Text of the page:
Scent of Magic Page 69

As we neared the camp, we crossed the area that had spooked the horses. This time, the horses broke into a panicked run, bolting as if chased. I took the hint and kept going.

When we rode into the camp, the horses automatically headed to their barn behind Estrid’s manor house. Something seemed odd, but it wasn’t until after we dismounted and left the horses in the care of their handler that we discovered the reason.

We rounded the corner of the house and stopped in our tracks. A section of the camp appeared...different. Tents remained, but some of them had toppled and others had rips in their fabric. Trash littered the ground, and the fire pits had been doused. The abandoned area appeared as if a strong storm had swept a path right through it. After a moment, I realized the section was where Ryne’s army was bivouacked.

I rushed over to Ryne’s tent and entered. It was empty.


Midsummer’s day used to be special. It had been the last day of school, and after the graduation ceremonies the students returned home for a two-month break. For Kerrick, it had been a bittersweet day for a number of years—the ones where he’d been in love with Jael. It had meant sixty days without her, but it had been balanced with being home with Belen and his father. His father... Kerrick wondered what King Neil would think of his son’s present circumstances—captured and cooperating with the northern tribes on this glorious midsummer’s day.

King Neil had always shown Kerrick how to lead by his own example. His father had him attend as many meetings, rulings and visits to the other realms as possible. Kerrick would observe the proceedings. After the session, his father would sit with him and they’d discuss the day’s events, and he would answer questions. That time together had been Kerrick’s favorite. He had his father all to himself, and even when Kerrick disagreed with his father, King Neil had never raised his voice in anger. Kerrick had gotten his temper from his mother.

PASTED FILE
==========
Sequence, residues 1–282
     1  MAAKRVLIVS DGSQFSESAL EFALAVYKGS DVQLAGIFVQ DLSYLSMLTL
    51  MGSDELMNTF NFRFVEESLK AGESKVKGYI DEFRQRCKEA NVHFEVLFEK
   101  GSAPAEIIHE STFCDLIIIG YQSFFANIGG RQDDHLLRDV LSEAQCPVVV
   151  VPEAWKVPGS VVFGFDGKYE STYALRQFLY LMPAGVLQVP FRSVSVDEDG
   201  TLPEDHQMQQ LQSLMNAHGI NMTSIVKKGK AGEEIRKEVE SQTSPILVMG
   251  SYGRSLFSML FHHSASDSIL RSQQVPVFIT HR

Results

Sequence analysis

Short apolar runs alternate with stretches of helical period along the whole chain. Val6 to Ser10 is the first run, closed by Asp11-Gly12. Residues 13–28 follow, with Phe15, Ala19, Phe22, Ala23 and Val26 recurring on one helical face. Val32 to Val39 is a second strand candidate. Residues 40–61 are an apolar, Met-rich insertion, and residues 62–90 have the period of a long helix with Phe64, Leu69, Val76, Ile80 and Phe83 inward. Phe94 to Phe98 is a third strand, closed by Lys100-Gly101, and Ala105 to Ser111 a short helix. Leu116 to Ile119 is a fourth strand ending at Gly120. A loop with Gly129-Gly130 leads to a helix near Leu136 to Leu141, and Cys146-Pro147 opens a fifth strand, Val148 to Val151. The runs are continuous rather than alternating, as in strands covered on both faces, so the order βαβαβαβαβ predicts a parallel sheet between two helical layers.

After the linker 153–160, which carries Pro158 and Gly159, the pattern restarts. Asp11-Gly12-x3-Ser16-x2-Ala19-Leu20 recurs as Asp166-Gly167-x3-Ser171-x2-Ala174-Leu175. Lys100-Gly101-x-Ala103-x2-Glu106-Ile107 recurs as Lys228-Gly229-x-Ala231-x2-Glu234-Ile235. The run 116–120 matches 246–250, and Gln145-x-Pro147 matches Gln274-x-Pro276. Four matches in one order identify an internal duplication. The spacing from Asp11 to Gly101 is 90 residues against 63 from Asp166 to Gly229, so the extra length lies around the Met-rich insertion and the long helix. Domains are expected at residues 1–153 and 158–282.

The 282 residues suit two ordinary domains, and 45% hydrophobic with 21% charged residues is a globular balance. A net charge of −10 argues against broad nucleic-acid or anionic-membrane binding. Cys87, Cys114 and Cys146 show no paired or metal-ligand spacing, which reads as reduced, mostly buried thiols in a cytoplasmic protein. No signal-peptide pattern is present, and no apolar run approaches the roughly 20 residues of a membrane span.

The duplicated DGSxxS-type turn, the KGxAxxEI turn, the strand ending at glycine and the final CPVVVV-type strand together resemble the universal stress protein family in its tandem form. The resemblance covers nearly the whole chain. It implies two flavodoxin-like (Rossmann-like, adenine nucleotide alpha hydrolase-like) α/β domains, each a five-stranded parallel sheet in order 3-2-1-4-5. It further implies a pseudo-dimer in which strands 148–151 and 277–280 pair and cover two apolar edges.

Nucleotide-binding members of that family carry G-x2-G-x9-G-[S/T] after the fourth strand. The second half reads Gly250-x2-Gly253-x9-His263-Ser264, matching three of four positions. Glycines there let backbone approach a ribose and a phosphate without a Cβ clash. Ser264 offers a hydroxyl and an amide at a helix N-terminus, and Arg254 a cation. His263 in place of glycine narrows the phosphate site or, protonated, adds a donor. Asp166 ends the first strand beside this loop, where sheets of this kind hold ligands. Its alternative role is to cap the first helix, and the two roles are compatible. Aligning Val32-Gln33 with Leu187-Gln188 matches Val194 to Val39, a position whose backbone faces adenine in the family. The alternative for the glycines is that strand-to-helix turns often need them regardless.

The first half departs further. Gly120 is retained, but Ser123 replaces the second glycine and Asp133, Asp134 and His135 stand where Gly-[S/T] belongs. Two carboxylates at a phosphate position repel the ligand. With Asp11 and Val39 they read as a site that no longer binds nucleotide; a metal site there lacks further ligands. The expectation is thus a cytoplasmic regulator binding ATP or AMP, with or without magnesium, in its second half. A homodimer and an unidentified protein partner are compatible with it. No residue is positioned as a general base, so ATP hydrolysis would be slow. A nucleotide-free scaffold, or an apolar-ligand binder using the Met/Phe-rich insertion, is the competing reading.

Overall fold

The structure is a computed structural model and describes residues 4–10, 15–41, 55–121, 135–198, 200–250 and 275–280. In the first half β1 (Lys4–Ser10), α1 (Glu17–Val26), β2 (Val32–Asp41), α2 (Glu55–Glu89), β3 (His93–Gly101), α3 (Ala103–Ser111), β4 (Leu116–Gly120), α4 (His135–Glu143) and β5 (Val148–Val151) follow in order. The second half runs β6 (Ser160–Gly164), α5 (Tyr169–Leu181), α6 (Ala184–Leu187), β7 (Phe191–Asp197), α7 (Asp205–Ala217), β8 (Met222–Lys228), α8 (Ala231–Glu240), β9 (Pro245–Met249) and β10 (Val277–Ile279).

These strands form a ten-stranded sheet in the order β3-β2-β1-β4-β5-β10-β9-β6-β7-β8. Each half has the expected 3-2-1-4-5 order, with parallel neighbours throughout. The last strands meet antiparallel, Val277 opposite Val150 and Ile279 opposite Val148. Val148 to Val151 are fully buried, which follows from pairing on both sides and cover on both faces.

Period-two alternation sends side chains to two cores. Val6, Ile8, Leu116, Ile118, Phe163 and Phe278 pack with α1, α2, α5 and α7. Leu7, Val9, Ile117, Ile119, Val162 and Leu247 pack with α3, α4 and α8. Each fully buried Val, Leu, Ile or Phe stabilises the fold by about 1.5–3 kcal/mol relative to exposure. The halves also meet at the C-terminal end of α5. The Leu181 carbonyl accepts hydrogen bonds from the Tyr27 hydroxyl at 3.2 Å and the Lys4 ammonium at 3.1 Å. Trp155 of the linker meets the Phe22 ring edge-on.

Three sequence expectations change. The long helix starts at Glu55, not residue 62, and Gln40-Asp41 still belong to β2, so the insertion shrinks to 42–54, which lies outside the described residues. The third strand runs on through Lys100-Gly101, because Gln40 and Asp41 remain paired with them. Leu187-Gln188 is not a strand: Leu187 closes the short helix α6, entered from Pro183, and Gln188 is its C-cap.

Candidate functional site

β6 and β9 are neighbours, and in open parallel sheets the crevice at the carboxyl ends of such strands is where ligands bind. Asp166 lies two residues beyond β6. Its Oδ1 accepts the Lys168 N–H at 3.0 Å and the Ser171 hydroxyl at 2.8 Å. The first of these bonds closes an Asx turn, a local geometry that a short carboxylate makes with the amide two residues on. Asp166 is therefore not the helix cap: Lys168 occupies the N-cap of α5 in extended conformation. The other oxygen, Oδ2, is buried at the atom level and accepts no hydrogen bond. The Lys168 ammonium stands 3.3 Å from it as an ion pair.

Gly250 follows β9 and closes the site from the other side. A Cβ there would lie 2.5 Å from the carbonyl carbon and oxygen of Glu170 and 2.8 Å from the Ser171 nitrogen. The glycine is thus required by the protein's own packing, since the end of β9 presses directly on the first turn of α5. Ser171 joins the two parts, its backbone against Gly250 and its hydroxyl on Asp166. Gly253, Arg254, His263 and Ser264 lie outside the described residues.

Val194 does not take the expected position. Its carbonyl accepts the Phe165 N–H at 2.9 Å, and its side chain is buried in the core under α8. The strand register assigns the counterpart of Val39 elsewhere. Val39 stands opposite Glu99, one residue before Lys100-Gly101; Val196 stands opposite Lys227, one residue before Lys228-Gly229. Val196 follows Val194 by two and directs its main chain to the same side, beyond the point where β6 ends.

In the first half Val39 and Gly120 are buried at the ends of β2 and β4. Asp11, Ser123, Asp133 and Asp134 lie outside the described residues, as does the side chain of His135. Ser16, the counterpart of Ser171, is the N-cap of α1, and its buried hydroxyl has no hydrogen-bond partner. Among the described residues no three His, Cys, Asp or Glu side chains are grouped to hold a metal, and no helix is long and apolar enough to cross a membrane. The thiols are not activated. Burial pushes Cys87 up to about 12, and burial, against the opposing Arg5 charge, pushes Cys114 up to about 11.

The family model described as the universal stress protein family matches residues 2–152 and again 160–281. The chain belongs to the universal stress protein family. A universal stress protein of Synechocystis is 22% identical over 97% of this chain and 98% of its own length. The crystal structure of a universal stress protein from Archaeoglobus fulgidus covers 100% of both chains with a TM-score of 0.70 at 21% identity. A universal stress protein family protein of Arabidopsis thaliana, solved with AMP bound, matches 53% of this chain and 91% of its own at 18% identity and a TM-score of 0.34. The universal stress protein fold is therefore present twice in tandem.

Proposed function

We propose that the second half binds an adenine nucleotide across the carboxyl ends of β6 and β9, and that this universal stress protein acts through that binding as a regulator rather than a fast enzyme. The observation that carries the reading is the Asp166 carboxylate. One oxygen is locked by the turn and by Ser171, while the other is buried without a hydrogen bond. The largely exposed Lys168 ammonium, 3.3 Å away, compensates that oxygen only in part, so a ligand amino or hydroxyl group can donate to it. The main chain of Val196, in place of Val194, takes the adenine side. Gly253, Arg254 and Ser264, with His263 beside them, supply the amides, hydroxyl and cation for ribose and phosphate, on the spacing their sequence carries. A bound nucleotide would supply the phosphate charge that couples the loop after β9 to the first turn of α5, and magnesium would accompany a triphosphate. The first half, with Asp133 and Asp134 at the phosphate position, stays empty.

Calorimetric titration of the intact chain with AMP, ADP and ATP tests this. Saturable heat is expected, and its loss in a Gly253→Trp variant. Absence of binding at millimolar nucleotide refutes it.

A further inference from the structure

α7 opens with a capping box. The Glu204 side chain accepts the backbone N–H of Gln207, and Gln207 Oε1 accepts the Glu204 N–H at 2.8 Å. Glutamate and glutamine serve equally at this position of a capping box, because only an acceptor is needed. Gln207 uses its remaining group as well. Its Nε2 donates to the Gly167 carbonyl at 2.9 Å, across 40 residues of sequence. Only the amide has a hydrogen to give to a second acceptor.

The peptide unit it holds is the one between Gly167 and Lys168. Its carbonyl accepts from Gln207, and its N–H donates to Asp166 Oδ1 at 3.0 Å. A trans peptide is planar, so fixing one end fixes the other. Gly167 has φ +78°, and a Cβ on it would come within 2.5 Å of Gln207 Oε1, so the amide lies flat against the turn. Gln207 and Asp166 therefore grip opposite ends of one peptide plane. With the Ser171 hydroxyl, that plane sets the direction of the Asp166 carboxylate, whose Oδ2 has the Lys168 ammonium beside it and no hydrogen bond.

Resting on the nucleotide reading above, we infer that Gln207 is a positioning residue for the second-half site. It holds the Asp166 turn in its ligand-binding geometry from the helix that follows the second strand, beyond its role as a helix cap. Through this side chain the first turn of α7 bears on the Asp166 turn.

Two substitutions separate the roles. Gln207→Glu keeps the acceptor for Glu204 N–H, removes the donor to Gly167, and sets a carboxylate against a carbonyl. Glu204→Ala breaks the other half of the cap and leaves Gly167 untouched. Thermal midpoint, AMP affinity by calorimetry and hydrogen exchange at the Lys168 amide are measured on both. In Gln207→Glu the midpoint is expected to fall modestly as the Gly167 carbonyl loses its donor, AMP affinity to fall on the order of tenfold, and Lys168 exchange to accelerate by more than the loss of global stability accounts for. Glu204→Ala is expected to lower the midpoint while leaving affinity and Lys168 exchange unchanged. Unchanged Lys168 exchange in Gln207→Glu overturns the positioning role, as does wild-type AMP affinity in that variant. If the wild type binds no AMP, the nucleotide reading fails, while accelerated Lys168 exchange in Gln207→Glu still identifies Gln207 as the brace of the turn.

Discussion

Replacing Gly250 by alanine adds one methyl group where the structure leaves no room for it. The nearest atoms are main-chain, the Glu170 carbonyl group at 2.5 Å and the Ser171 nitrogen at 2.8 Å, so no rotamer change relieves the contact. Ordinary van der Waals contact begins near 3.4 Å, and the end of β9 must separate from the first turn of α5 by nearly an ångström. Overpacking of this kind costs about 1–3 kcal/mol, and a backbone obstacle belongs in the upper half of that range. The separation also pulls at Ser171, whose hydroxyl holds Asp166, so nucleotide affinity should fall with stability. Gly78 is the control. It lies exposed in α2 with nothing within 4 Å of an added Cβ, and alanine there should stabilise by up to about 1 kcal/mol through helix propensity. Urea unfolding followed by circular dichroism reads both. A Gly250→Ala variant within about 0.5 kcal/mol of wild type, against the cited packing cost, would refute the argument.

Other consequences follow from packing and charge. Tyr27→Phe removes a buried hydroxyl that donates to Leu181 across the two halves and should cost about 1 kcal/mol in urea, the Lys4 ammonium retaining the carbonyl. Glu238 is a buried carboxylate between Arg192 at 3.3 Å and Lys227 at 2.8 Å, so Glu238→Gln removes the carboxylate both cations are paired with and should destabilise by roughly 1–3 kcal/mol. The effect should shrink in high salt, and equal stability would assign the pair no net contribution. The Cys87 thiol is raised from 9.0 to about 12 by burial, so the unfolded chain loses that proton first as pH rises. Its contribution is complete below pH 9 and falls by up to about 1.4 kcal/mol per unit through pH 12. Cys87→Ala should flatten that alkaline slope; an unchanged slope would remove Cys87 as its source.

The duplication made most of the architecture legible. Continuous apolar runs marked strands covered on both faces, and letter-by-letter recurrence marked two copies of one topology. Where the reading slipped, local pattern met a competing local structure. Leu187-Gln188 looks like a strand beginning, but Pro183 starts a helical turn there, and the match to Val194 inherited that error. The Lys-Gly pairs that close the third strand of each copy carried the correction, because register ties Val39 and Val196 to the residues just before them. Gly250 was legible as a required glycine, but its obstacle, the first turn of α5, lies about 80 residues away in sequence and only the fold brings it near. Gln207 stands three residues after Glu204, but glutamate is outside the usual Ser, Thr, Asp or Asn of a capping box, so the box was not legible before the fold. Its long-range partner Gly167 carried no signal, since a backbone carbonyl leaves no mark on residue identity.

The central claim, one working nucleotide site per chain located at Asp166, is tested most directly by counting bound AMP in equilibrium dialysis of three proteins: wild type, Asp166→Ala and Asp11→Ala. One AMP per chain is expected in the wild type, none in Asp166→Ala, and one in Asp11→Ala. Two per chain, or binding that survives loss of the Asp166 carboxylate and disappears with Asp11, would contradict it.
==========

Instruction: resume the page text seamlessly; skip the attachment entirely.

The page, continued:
The warriors escorting Kerrick and Danny relaxed once they exited the forest and entered the farm fields surrounding Krakowa. Kerrick felt his connection to the living green weaken with every step. When they reached the outskirts of the town, their progress slowed. The tribes had set up tents, and their passage drew a crowd. They stared at Kerrick and Danny with both hostile and curious expressions. Blond-haired children ran alongside them.

When they reached the edge of the town proper, a warrior waited. He was a head taller and thicker than Noak. He wore a necklace made from jagged snufa teeth, and his long, pure white hair had been braided into two ropes. Despite the age difference, there was no mistaking the resemblance between the two. Father and son.

Without a word, the older warrior pulled his dadao, strode toward Kerrick and swung the sharp blade. Kerrick braced for the blow, but Noak grabbed his father’s arm, stopping the weapon from slicing into Kerrick’s neck.

“No prisoners,” the older man said.

“Come.” Noak led his father away from the others.

Unable to hear them argue, Kerrick watched their expressions. Noak had saved his life, if only for the moment. His and Danny’s continued existence would depend on who won the discussion.

Danny wrapped his fingers around Kerrick’s arm. “He’s scarier than Noak.”

Kerrick glanced down at him. “Hard to believe, isn’t it?”

A brief grin, then it was gone. “But he’s not scarier than Tohon.”


The boy nodded. “The tribesmen are straightforward. They kill their enemies, not turn them into an army of dead soldiers.”

“True. But if you surrender to Tohon, he won’t kill you.”

“I’d rather be dead than help Tohon.”

“Me, too. But what if he threatened to harm Zila?”

Danny shot him a surprised look.

“It complicates things, doesn’t it?” Kerrick asked.

“Yes.” Danny swallowed. “I’m sorry, Kerrick. I shouldn’t—”

“Stop. Don’t apologize. It’s my fault you’re here. I made the mistake of not sending you back to Orel right away. Do you understand?”

“Yes, but—”

“And I want you to promise me something.” He didn’t add if we live through the next hour.

Danny let go of his arm and turned to him with a wary suspicion mixed with fear. “What?”

Kerrick lowered his voice. “While I gave my word to cooperate, you didn’t. At some point there will be an opportunity for you to escape. I want you to promise me you’ll take it.”

The boy’s eyes were as wide as an ufa’s just before it pounced. “Where would I go?”

“South. Cross the Nine Mountains and find Prince Ryne. He needs to know what’s going on.” Kerrick waited a few heartbeats. “Will you do that for me?”

Danny met his gaze. “Yes.”

“Good.” Another knot in his chest eased just a bit. However, it didn’t last.

Their conversation finished, Noak’s father approached Kerrick with his dadao still in hand. He pointed the dangerous weapon at Danny. “You betrayed your people for this boy. Why?”

Just the same question Kerrick had asked himself a week ago.

“What you learn from me won’t make a difference in the end. My people have already been warned of your arrival. I failed to stop you from invading my land, but if I can save one boy...then I will.”

Noak’s father relaxed his arm. The dadao’s tip no longer threatened Danny. He glanced at Noak. “All right. The boy lives.”

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